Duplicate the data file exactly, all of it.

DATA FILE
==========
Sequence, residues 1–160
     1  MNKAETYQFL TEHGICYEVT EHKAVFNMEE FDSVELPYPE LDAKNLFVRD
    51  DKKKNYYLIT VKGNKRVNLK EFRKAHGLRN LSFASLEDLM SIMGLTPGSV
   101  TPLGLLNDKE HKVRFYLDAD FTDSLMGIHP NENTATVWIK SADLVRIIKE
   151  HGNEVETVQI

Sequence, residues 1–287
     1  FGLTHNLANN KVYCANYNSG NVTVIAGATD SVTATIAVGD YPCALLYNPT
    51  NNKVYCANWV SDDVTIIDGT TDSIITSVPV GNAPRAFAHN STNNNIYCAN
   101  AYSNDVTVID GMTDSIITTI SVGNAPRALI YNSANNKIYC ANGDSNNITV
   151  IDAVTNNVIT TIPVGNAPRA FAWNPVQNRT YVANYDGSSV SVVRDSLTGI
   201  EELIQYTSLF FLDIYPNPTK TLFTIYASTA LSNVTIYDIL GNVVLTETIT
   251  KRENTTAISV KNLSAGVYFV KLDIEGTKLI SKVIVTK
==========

Sequence, residues 1–160
     1  MNKAETYQFL TEHGICYEVT EHKAVFNMEE FDSVELPYPE LDAKNLFVRD
    51  DKKKNYYLIT VKGNKRVNLK EFRKAHGLRN LSFASLEDLM SIMGLTPGSV
   101  TPLGLLNDKE HKVRFYLDAD FTDSLMGIHP NENTATVWIK SADLVRIIKE
   151  HGNEVETVQI

Sequence, residues 1–287
     1  FGLTHNLANN KVYCANYNSG NVTVIAGATD SVTATIAVGD YPCALLYNPT
    51  NNKVYCANWV SDDVTIIDGT TDSIITSVPV GNAPRAFAHN STNNNIYCAN
   101  AYSNDVTVID GMTDSIITTI SVGNAPRALI YNSANNKIYC ANGDSNNITV
   151  IDAVTNNVIT TIPVGNAPRA FAWNPVQNRT YVANYDGSSV SVVRDSLTGI
   201  EELIQYTSLF FLDIYPNPTK TLFTIYASTA LSNVTIYDIL GNVVLTETIT
   251  KRENTTAISV KNLSAGVYFV KLDIEGTKLI SKVIVTK